The Department of Homeland Security has three primary missions: Prevent terrorist attacks within the United States, reduce America's vulnerability to terrorism and minimize the damage from potential attacks and natural disasters.
In fiscal year 2003, three claims were submitted. No claims were approved. Three claims were denied.
Uses and Use Restrictions
Reimbursement is provided only for direct costs and losses over and above normal operating costs.
Fire Departments, (volunteer and paid) of the States, District of Columbia, Commonwealths, Territories and Possessions of the United States, and Indian lands that the U.S.
holds technical legal title to, are eligible to apply.
See 44 CFR 151 for requirements. This program is excluded from coverage under OMB Circular No. A-87.
Aplication and Award Process
This program is excluded from coverage under 44 CFR Part 13 and E.O.
See 44 CFR 151 for details. This program is excluded from coverage under OMB Circular No. A-110.
To be considered, a claim must be filed in writing with the Administrator, U.S. Fire Administration, within 90 days of the occurrence of the fire for which reimbursement is requested.
Federal Fire Prevention and Control Act of 1974, as amended, 15 U.S.C. 2201 et seq.
Range of Approval/Disapproval Time
Approximately 90 days.
30 days after receiving an initial notification of decision.
Formula and Matching Requirements
Length and Time Phasing of Assistance
Post Assistance Requirements
In accordance with the provisions of OMB Circular A-133 (Revised, June 27, 2003), "Audits of States, Local Governments, and Nonprofit Organizations," nonfederal entities that expend financial assistance of $500,000 or more in Federal awards (or receive property, or a combination of both, within the fiscal year) will have a single or a program-specific audit conducted for that year. Nonfederal entities that expend less than $500,000 a year in Federal awards are exempt from Federal audit requirements for that year, except as noted in Circular A-133. These audits are due to the cognizant Federal agency, submitted through the Federal Audit Clearinghouse, not later than 9 months after the end of the grantees fiscal year.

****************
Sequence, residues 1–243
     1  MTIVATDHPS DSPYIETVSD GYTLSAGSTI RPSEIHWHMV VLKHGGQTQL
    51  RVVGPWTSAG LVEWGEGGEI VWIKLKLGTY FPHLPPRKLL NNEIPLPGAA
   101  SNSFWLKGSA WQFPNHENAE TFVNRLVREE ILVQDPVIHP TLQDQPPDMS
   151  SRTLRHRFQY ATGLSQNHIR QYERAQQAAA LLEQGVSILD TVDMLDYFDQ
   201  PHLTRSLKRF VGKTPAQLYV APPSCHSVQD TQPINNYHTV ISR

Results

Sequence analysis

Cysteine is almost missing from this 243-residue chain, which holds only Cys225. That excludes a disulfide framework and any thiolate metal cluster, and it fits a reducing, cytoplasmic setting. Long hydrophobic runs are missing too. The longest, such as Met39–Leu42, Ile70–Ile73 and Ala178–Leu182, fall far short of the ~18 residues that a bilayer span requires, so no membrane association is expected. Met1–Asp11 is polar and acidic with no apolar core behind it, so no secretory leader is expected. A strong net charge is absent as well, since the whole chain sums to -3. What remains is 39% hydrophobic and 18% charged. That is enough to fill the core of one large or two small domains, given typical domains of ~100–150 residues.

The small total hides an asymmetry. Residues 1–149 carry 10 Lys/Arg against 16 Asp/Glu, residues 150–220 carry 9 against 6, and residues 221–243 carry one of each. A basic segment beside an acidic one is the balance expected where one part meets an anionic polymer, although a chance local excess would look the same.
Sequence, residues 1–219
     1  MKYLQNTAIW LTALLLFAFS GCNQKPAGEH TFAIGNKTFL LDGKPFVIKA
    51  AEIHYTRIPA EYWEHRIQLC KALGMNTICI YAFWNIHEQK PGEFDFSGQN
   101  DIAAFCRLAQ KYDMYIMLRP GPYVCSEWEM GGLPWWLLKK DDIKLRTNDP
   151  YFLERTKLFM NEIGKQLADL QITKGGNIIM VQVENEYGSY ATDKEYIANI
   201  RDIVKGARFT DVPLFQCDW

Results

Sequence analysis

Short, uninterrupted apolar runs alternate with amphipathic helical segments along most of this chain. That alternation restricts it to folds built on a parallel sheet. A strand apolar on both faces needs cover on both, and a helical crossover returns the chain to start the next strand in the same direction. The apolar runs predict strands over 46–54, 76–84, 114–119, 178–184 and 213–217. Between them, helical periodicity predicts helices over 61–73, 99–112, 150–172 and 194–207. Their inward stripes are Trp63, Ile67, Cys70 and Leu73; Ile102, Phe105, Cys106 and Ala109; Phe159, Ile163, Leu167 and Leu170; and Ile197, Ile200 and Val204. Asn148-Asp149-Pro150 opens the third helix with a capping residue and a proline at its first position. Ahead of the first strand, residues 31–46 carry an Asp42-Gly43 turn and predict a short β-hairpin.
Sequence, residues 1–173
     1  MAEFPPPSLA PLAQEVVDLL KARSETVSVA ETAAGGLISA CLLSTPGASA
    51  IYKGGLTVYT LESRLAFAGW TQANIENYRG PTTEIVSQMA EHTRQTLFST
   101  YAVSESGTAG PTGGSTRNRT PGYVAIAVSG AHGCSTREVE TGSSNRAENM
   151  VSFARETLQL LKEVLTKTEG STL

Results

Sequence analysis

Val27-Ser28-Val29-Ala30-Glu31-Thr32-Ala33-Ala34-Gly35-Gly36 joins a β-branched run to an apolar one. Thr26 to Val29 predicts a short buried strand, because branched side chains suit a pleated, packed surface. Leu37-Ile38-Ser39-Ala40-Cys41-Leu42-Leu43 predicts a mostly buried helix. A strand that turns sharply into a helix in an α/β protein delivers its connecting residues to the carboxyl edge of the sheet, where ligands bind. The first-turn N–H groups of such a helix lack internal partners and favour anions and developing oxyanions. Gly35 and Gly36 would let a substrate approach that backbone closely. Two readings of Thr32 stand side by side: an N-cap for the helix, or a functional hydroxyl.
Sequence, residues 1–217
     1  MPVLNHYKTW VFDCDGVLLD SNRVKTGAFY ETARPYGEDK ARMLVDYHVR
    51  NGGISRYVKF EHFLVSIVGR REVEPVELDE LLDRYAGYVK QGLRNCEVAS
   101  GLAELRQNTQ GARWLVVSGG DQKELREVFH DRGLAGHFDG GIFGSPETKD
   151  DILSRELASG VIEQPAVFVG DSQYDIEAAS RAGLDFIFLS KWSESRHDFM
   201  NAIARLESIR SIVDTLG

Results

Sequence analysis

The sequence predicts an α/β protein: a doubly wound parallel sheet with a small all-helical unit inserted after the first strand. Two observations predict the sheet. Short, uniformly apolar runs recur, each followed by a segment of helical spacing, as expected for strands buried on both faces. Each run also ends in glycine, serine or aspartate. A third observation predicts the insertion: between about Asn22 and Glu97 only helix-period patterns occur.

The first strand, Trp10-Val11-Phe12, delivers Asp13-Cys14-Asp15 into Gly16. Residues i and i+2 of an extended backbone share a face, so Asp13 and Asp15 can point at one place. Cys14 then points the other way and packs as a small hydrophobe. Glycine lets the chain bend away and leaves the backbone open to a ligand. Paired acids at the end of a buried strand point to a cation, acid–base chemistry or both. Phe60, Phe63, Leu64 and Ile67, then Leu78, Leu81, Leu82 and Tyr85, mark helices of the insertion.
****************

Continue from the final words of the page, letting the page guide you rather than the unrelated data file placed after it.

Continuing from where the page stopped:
Records shall be retained for a period of 3 years from the day the recipient submits its final expenditure report. If any litigation, claim, negotiation, audit, or other action involving the records has been started before the expiration of the 3-year period, the records must be retained until completion of the action and resolution of all issues which arise from it, or until the end of the regular 3-year period, whichever is later. Records include financial and program/progress reports, support documents, statistical records, and other documents that support the activity and/or expenditure of the recipient or sub-recipient under the award.
(Direct Payments); FY 07 est not available; FY 08 est not available; FY 09 est not available.
Range and Average of Financial Assistance
From a few dollars to $500,000 (no stated limit).
Regulations, Guidelines, and Literature
Section 11 of the Federal Fire Prevention and Control Act of 1974; Public Law 93-498; 44 CFR 151.11.
Regional or Local Office
Department of Homeland Security 245 Murray Lane - Bldg. #410, Washington, DC 20528.
Criteria for Selecting Proposals
Fire departments which fight fires on Federal property for which they are not otherwise reimbursed may be reimbursed under this program for direct losses and direct expenses over and above normal operating expenses. The amount of reimbursement is subject to availability of funds (see 44 CFR 151.12). All claims must be accompanied by sufficient supporting data to prove expenses and losses incurred in the amount claimed.
Teach for America is a social venture that hires graduating seniors from some of the most selective colleges and offers them with five-week training courses before unleashing them for a minimum of two years in some of the country’s worst classrooms.